A bit of a warning that this is a really picture-heavy post. My camera is da shit1, so do NOT look at these pictures when you’re hungry.
Like most hotel buffets, Spiral offers a myriad of cuisine that ranges from our French and Italian favorites to the more familiar Chinese, Japanese, and Indian. A number of people have been saying that Spiral offers the best one out there, so let’s find out.
The European stations have Spanish cuisine, a selection of awesome cured meat, some fresh shellfish, and a salad station for pussies.
If you’re into Asian, some sushi, Indian, tempura, noodles, Thai, and other familiar Asian delights.
You must not skip the grilling station with sausages, lamb, chicken, Chinese roastings, and the prime rib.
And of course, the dessert station.
Let me qualify at this point: You cannot try every single thing. It’s almost impossible. For me, I wanted to try as much as I could, but it’s not really about quantity, it’s about quality.
I start with the Cured Meat station. They have the most variety, by far. Air Dried Beef, Black Forest, Salami, Coppa, and Parma Ham — just made my day. Looks really simple, but these bad boys can cost you 150-200 bucks / 100 grams.
If you prefer sushi, you really can’t go wrong. They’re pretty fresh and delicately made. And speaking of fresh, go for the oysters. Fresh if you’re me, baked if you’re a pussy like Marc2.
Make sure to go for the crustaceans. They’re pretty good and gets you your money’s worth.
If you’re feeling Japanese, munch on the tempura or go for the sukiyaki. They don’t use too much batter with the shrimp and they have thinly sliced not-too-fatty beef for the sukiyaki.
The smart buffet eater would tell you to stay away from carbs. I’ll probably tell you to stay away from rice, but try to get one small plate of pasta to try things out. I did 3 and I’ll tell you that you can probably skip Spiral’s pastas. Not bad, but don’t waste your space for them. 7 Corners is a lot better for pasta.
But if you’re really going for rice, go for the paella. They have some prawns to help flavor the rice, but I’d skip this. Looks really really nice, but a bit bland.
I’d skip the Indian station as well. Not very good without even the slightest hint of spiciness.
If you’re like Marc, you just dig into the roast and grilling stations. The Peking Duck is pretty good, but I was a bit disappointed with the Prime Rib. It’s usually the thing I dig into the most, but I found it a bit dry and tough. I guess they need to be a bit more consistent because Marc loved it when he visited.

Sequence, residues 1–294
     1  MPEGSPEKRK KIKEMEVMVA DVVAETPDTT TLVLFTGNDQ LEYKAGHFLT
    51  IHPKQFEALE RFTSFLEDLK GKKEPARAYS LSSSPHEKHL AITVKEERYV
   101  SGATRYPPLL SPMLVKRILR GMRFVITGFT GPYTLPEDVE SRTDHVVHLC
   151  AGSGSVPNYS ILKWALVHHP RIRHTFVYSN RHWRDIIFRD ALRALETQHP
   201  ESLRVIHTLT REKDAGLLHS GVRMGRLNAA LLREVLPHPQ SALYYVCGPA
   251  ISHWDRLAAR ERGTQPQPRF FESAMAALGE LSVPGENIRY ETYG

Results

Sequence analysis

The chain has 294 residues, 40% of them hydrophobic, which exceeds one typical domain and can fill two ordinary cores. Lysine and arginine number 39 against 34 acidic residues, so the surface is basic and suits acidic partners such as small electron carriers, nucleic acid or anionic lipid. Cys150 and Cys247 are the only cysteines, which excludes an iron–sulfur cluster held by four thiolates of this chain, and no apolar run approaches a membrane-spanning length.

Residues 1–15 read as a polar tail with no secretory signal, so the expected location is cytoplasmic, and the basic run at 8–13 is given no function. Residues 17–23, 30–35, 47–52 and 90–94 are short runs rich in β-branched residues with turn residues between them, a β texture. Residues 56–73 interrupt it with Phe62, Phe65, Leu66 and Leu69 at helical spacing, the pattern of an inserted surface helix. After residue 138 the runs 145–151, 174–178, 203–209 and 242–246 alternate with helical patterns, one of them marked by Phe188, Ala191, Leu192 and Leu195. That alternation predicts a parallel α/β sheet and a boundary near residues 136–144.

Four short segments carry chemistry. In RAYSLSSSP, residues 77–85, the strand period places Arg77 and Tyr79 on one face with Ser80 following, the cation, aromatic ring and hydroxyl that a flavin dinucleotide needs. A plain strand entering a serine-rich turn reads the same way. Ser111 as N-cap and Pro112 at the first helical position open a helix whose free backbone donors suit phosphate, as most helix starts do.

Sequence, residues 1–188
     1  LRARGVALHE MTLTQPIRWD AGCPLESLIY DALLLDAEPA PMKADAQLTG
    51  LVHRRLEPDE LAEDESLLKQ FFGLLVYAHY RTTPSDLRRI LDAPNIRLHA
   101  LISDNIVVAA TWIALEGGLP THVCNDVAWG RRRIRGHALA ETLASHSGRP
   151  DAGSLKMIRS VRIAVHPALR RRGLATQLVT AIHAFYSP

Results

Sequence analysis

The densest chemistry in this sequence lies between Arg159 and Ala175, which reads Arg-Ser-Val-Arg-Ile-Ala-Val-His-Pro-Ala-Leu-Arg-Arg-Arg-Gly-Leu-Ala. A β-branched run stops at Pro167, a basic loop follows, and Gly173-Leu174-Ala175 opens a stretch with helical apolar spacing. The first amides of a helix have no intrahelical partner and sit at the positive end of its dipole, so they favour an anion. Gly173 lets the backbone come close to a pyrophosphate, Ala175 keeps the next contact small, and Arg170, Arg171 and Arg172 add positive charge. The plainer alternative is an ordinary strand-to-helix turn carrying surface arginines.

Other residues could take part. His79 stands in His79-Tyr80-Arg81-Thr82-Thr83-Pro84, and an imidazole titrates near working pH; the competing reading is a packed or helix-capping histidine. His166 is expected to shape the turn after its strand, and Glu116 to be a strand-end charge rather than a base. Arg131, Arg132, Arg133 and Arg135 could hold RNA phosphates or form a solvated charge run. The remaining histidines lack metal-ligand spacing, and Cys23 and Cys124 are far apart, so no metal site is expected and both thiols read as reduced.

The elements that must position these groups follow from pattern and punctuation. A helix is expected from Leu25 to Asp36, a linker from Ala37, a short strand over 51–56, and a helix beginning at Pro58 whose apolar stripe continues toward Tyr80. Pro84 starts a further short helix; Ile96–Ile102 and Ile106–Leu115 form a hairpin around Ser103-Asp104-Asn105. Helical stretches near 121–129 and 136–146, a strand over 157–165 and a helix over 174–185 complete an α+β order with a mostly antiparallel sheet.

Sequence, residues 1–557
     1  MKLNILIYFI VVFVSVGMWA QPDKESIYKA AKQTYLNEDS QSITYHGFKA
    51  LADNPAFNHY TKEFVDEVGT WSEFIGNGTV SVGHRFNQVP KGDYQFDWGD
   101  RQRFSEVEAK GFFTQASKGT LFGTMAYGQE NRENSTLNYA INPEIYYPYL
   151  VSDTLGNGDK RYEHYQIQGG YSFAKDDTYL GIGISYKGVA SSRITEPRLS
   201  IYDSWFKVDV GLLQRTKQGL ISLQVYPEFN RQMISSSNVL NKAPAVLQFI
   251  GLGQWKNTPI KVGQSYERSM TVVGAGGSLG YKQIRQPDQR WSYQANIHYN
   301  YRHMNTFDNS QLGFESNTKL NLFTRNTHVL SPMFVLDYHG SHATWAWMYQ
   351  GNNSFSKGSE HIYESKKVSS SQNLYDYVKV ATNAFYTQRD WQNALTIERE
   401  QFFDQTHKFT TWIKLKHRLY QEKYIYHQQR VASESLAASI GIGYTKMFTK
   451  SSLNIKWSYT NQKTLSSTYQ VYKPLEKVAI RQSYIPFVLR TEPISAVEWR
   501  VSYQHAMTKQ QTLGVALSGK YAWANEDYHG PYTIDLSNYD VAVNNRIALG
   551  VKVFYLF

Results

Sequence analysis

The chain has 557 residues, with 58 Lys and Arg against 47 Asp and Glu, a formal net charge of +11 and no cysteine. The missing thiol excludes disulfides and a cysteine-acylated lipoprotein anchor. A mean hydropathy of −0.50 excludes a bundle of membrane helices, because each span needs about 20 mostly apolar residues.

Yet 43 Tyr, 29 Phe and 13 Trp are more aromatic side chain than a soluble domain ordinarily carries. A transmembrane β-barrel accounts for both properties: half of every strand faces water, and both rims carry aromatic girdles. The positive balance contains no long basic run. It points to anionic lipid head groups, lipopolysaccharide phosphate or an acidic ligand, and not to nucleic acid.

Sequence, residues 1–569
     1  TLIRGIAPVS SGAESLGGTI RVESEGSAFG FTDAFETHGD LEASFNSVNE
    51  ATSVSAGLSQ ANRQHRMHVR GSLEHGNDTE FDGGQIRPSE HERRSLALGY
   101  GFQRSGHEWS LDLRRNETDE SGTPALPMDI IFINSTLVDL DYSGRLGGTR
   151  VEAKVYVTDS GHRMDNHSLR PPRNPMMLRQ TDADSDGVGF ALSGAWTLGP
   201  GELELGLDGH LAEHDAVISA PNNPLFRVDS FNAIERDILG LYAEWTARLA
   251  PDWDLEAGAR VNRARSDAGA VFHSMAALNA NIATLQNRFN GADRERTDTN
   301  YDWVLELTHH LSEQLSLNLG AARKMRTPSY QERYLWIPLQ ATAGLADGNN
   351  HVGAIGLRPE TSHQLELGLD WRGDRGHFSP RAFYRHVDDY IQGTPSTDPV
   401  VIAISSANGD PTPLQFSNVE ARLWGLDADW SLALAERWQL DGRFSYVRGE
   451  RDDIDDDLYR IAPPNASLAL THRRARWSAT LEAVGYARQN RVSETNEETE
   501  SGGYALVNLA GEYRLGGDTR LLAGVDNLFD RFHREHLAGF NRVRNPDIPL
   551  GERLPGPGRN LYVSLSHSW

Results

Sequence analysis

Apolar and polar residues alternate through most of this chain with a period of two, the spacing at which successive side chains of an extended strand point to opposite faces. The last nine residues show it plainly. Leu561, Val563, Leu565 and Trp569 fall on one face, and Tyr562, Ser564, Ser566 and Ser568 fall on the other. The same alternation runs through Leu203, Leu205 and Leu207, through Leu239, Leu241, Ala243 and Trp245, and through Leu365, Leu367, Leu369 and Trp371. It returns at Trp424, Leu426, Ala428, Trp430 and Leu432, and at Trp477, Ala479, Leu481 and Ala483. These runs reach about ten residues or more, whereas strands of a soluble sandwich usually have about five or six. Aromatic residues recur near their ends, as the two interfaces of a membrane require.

Instead, the 2 things I absolutely loved about Spiral’s buffet are their lamb and the foie gras. The lamb was superb. They use the rack, which is one of the more expensive cuts and unlike most lambs here, theirs was pretty tender.
The foie is the thing that’ll probably get me to come back. It’s pretty rare to have foie in hotel buffets. They serve it really simple here — just a seared in a pan with your choice of sauces and some Himalayan salt. Single best thing in their selection and I think I almost wet my pants after the first bite.
At this point, I usually don’t do dessert much, but I have to tell you they’re dessert’s not bad. OK, pretty damn good is more accurate. There were assorted fruits, which I have to admit that I didn’t even bother. Skip the souffle, which had absolutely no filling inside, and the creme brulee.
Go for the tiramisu, the coffee-flavored eclair, the strawberry panacota-like dessert, their teppanyaki ice cream, and the candies. These are the ones you usually find inside the malls being sold for a few hundred bucks.
I’m a sucker for the waffles and crepe, though.
I know. Carbs, right, dumbass? Sorry, just too good.
Overall, great selection. The foie alone sold me towards Spiral. They say that the appetizers and desserts are the true measure of a good buffet spread. If that’s the case, then I can see why people say Spiral is the best buffet in Manila. Great value if you can really much on the foie, the steaks, and the seafood.